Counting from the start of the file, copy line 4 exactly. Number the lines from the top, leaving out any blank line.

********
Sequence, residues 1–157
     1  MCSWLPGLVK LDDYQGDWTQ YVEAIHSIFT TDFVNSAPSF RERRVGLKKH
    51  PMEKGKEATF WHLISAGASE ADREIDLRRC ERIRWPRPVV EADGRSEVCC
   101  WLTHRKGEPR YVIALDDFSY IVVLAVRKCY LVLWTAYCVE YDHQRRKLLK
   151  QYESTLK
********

   101  WLTHRKGEPR YVIALDDFSY IVVLAVRKCY LVLWTAYCVE YDHQRRKLLK